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Herbie Hancock Surround Workshop

As we reported from CES 2001, Herbie Hancock was thinking in multi-channel long before most other musicians/composers. He explained that in 1992 when he began work on the album ‘Dis is da Drum’, he conceived it as a multi-channel composition although the limitations of the technology available and the lack of vision from his record company meant that it was only released in stereo. The 10.2 demonstration at CES 2001 was the first time Herbie had heard any of that album as he had originally conceived it.

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Engineer and musician Darrell Diaz gave us another example from ‘Dis is da Drum’, the track ‘Butterfly’. The stereo version sounded good, but the multi-channel version really showed what Herbie was thinking about when he wrote it – a butterfly flitting all around the listener.

Darrell and Dave Hampton continued the session with some background on the Future2future tour. When Herbie and the band (which included Darrell on keyboards) were putting together the show, they conceived it as a multi-channel creation, that is a live multi-channel performance. This obviously required some very different thinking on the sound engineering side of the production. As well as the “standard” two-channel front of house mix, which had its own engineer (David Mann), there was a second system with four to six speakers (depending on venue) and its own engineer - Dave Hampton. One of the problems that the band faced is that there is not much equipment specifically for live surround performances – most multi-channel gear is of the recording and encoding/decoding variety for recording and mastering – so they had to come up with some ingenious solutions of their own.

Selected elements of the on-stage performance, such as the output from Hancock’s Korg Karma keyboards, DJ Disk’s turntable, and the processed microphone line from Wallace Roney’s trumpet, were taken from the front of house mixing console, through direct outs, and fed into a Digidesign Pro Tools/24 Mixplus system (featuring a 192 audio interface) running on an Apple Titanium PowerBook G4. However, the Pro Tools system was used as an audio interface and a surround mixing platform rather than as a recording system. Dave Hampton used a ProControl control surface with an Edit Pack add-on to mix the surround elements in real time, using a joystick for surround panning. The surround outputs were each patched through a 31-band graphic equaliser and then on to the surround speakers, relatively small active models placed on stands at four points around the room. Unlike a “traditional” 5.1 system, the Future2Future surround system did not use a subwoofer – most front of house systems they encountered on the tour had no problem with the low end.

In response to a question from the audience, Herbie and Darrell admitted (and not at all reluctantly) that the “live” nature of the creation of the multi-channel mix really made Dave Hampton into a performer, with the panning joystick as his instrument. Just like the music itself, some of his surround moves were based on what was going on in a given piece of music or the mood of the performance. Dave did admit that many of the mix moves were scripted in advance, whereas others were spontaneous. The “dual engineer” arrangement also required a close degree of cooperation between Dave Hampton and David Mann.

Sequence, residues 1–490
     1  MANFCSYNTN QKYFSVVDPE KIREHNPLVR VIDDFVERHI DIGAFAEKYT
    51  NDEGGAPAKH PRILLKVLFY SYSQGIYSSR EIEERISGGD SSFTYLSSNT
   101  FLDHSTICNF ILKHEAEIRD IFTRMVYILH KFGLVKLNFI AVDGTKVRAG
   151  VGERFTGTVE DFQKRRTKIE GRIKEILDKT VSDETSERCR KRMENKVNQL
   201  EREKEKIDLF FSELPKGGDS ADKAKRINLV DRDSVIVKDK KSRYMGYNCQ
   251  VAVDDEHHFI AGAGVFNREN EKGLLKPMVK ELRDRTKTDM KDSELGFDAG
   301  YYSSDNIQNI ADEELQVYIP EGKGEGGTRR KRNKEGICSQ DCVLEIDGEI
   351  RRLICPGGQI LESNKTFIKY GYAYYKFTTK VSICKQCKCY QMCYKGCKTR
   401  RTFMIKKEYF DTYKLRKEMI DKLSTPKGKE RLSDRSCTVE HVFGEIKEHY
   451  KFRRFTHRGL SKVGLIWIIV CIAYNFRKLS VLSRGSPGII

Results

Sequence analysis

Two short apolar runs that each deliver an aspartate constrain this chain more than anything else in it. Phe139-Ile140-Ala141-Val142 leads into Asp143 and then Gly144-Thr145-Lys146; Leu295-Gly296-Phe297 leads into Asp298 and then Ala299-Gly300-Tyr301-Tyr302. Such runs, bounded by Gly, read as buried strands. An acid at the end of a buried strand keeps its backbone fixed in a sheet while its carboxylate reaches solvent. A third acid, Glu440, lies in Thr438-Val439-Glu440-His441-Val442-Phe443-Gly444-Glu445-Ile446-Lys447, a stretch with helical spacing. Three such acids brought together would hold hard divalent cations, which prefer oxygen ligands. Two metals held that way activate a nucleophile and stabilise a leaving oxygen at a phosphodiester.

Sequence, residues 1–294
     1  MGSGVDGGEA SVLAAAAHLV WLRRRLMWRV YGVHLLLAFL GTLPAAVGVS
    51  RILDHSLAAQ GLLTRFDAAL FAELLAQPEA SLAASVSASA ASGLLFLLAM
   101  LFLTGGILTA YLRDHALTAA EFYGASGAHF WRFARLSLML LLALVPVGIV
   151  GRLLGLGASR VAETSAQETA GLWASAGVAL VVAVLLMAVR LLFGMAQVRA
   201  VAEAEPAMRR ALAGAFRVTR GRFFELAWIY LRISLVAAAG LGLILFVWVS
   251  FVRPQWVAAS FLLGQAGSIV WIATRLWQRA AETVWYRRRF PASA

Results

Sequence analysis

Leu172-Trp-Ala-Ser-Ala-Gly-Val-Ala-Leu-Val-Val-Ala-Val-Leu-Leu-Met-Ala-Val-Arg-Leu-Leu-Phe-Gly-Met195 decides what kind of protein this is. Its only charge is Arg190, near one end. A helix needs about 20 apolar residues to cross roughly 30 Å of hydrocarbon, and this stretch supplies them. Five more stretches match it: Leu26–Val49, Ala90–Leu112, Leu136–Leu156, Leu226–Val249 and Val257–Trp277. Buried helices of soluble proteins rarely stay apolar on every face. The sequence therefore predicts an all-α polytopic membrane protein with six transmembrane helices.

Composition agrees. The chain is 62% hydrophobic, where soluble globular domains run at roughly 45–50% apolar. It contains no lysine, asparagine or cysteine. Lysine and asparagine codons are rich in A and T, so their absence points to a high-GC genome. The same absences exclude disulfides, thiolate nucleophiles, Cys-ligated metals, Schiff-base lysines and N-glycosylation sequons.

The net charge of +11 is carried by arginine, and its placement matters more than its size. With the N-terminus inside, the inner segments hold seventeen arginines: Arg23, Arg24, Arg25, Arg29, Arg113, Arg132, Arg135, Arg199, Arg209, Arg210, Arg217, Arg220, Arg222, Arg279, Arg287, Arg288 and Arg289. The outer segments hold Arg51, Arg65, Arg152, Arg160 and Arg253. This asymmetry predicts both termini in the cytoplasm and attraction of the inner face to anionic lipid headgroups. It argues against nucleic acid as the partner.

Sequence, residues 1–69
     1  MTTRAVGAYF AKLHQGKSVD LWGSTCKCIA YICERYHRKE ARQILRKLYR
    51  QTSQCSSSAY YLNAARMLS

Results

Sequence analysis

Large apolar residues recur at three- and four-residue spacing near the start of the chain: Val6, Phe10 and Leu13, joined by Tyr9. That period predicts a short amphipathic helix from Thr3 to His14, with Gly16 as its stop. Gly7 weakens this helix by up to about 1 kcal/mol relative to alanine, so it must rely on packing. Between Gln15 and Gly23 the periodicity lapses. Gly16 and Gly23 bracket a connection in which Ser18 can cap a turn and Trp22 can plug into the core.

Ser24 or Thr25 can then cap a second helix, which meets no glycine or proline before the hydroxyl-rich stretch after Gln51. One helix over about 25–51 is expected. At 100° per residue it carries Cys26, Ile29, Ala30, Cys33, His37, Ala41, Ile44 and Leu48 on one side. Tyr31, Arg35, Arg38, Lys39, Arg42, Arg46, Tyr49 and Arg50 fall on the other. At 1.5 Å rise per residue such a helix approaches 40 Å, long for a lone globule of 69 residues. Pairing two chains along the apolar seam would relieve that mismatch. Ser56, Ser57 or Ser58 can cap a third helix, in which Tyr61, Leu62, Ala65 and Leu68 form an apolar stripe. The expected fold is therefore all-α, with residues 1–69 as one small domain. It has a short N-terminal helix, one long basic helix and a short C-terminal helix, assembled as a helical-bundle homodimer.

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Darrell wryly noted that with just days before the first date of the tour, Herbie decided that he wanted to integrate synchronised video elements into the show, further “complicating” the preparations!

Another interesting observation came from Herbie and Darrell – while they were on stage, the band members had no idea how the surround mix sounded, as all they heard through their in-ear monitors was the front of house stereo mix, so they also had to place a great degree of trust in Dave Hampton’s “performance”. After the presentation I suggested to Darrell and Dave that they should take a look at the Dolby Headphone technology, which does an impressive job of taking a 5.1 mix and folding it down into two channels, giving the headphone listener a pretty good approximation of the multi-channel experience. Dolby Headphone is available as a Pro Tools software plug-in so I think it would work well to enable the band to hear the surround mix.

Finally Khaliq Glover talked briefly about the production of the Future2Future DVD, noting that as the surround performance at each venue was different, they created a whole new surround performance from live elements from the recorded performances. The DVD has Dolby Digital 5.1 and DTS soundtracks and also makes use of some of the underused aspects of DVD technology, like multi-angles to enable the viewer to change the focus to individual performers in the band.

This was a fascinating session, for me the stand out session of the show. The only bad thing about it was that the guys ran out of time and we did not have a chance to hear Herbie play live through the impressive array of equipment (including a Pro Tools HD) in his “portable” studio.

Our thanks to Daniella Shepherd, PR agent for Dave Hampton and Khaliq Glover, for providing details of the equipment used by the band for the Future2Future tour.  []

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Show report last updated: 2nd February 2003.


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